19 May 2017

PLAN to tackle cognitive biases


A professional reflection process is crucial if clinicians want to overcome the common cognitive biases that drive the provision of low value care, the RACGP president says.

The president was commenting on a review published in the MJA, in which Australian researchers found doctors were often advocating treatments, investigations or interventions that had little or no evidence of benefit, but they believed were worthwhile based on their own biases.

Without recognising and addressing these biases, campaigns such as Choosing Wisely will not achieve their potential, the review authors said.

The researchers including lead author Associate Professor Ian Scott, director of the department of Internal Medicine and Clinical Epidemiology at Princess Alexandra Hospital, analysed the effect of bias on clinical decision-making in over 25 years of research.

The most common biases held by doctors were found to be:

– Commission bias, where clinicians have a strong desire to avoid experiencing a sense of regret at not administering an intervention that could have benefited at least a few recipients;

– Attribution bias, when the perceived beneficial effects of treatment are based on anecdotal and selective situations;

– Impact bias, where clinicians overestimate the benefits and underestimate the harms of interventions;

– Availability bias, when previous vivid and emotionally charged cases lead clinicians to overinflate the likelihood of that scenario being repeated;

– Ambiguity bias, where the lack of certainty around the disease or outcomes drives clinicians to over-investigate;

– Extrapolation bias, where benefit in a small group of patients is generalised to a broader set of patients, often seen in off-label prescribing;

– Status-quo bias, the reluctance to stop interventions, sometimes because the discussion around the pros and cons of discontinuing medication can be confronting;

– Sunken-cost bias, when clinicians continue with potentially inappropriate care due to the amount of time, effort and resources already invested in it;

– Groupthink bias, where the human impulse to be like, and belong to, a group may quell dissenting opinions about the value of care, or override policy mandates.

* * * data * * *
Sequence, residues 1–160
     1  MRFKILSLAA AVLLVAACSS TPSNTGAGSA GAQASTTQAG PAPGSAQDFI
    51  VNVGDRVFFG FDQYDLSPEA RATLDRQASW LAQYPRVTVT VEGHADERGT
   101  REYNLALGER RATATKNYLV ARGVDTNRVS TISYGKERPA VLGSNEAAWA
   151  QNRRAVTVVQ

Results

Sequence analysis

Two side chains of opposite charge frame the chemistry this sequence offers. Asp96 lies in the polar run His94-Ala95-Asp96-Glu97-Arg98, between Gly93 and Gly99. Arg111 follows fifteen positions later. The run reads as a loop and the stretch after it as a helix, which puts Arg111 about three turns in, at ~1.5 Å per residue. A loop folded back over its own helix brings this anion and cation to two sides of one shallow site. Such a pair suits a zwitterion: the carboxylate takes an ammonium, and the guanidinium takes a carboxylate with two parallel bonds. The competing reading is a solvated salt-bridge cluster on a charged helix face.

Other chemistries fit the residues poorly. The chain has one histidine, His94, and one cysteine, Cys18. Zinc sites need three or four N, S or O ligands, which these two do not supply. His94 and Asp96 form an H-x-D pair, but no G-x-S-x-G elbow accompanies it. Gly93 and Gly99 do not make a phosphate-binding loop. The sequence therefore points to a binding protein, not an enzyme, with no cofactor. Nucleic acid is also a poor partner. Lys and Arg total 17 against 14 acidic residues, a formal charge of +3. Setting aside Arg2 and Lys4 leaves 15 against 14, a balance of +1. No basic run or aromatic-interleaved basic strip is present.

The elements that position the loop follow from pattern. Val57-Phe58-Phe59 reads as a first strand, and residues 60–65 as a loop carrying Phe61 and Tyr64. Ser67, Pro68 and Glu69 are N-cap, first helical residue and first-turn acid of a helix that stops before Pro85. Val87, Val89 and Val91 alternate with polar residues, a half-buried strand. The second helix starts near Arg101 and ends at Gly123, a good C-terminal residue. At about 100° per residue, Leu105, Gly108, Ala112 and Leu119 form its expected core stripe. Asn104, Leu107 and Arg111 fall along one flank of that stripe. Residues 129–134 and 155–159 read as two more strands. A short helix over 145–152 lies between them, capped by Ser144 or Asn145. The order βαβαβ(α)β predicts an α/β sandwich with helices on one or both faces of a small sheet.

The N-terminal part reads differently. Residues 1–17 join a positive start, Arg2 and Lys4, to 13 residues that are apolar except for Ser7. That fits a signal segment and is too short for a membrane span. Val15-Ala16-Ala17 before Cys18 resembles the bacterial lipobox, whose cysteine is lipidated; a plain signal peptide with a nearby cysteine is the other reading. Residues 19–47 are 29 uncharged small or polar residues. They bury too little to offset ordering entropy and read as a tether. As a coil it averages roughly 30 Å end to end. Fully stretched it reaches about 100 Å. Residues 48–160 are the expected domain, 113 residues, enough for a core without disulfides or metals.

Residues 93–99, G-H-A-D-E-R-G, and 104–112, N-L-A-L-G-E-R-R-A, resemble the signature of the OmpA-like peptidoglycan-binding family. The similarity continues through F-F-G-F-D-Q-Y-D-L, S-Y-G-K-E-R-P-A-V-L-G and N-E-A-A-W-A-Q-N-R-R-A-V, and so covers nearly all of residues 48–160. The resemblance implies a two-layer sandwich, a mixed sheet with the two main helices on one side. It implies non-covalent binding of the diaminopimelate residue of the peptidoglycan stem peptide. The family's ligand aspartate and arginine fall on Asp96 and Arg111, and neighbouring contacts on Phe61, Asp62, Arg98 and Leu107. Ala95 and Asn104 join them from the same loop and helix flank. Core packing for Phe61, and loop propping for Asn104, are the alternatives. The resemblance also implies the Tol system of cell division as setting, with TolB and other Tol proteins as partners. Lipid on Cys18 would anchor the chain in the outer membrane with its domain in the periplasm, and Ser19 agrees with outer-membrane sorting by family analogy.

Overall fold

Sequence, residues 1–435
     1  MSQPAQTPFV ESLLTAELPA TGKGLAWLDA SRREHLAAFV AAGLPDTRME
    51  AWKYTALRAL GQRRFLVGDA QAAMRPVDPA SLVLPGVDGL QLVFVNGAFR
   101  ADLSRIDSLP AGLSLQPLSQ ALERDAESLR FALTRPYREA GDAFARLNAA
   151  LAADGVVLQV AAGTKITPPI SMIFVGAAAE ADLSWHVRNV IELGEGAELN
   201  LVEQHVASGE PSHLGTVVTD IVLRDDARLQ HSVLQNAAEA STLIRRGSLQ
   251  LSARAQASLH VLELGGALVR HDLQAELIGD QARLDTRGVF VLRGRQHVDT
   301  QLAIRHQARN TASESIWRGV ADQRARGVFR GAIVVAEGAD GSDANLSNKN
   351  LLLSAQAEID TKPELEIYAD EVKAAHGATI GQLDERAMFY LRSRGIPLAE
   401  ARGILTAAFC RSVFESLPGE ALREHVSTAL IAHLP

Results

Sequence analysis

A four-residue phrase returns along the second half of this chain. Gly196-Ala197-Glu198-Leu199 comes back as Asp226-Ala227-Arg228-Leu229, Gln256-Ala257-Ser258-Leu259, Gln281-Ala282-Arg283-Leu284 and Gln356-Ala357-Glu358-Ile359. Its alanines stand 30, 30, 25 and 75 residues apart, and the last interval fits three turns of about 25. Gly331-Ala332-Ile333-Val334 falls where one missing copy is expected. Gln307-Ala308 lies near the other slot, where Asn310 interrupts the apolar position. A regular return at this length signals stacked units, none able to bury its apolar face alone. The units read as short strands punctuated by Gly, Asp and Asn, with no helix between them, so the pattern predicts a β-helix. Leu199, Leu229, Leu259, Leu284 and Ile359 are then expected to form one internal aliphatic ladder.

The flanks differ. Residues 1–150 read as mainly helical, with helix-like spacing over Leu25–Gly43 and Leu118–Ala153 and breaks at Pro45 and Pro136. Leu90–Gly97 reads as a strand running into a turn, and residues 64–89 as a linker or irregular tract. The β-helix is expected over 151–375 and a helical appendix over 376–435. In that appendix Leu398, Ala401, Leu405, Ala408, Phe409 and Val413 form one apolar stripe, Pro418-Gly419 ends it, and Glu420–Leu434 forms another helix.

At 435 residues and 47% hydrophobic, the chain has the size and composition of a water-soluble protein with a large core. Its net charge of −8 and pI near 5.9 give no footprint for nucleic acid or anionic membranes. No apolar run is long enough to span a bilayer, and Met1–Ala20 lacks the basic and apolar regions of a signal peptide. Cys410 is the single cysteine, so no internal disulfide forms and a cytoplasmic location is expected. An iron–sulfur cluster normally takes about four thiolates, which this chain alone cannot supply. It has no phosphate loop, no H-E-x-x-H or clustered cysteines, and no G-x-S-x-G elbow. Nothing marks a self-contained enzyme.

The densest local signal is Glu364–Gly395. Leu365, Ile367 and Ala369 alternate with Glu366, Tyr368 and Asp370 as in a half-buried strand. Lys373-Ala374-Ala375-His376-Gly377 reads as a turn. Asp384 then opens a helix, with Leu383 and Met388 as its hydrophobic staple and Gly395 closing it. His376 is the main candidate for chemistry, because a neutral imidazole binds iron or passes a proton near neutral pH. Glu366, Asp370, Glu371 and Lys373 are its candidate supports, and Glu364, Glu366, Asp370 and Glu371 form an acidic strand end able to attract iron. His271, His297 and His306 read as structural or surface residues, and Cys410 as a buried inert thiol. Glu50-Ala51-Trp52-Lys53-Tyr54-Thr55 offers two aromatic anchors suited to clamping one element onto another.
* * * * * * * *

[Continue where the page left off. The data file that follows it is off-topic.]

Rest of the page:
Because day-to-day clinical decision-making was largely intuitive, relying on mental short-cuts and internalised tacit guidelines, decision-making was vulnerable to common errors, the authors of the review said.

“While accurate and efficient for many decisions, this intuitive decision-making is vulnerable to various cognitive biases … which can distort both probability estimation and information synthesis, and steer clinicians towards continuing to believe in, and deliver, care that robust evidence has shown to be of low value,” the authors said.

RACGP president Dr Bastian Seidel said that the review authors’ recommendation to introduce strategies such as ‘reflective practice’ vindicated the college’s much-maligned introduction of PLAN.

“We know that reflective learning is the most evidence-based way of improving us as professionals and improving outcomes for our patients,” Dr Seidel said. “That’s based on what international evidence suggests.”

Dr Seidel pointed out that the authors of the study were primarily physicians and researchers, and said that GPs working in more of a “real-life” environment were likely to be a bit more pragmatic.

“But I might be slightly biased there.”

MJA 2017; online 8 May

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1 year 4 days ago

It sounds good, and reflection could be useful. However for me the reflection required for the PLAN did not relate to the biases that lead to ineffective treatment. The PLAN seemed very general, while the examples of practice that is not based on evidence are very specific.

To improve the evidence base of patient care, we would need to reflect on specific management options for specific patients, rather than general learning objectives.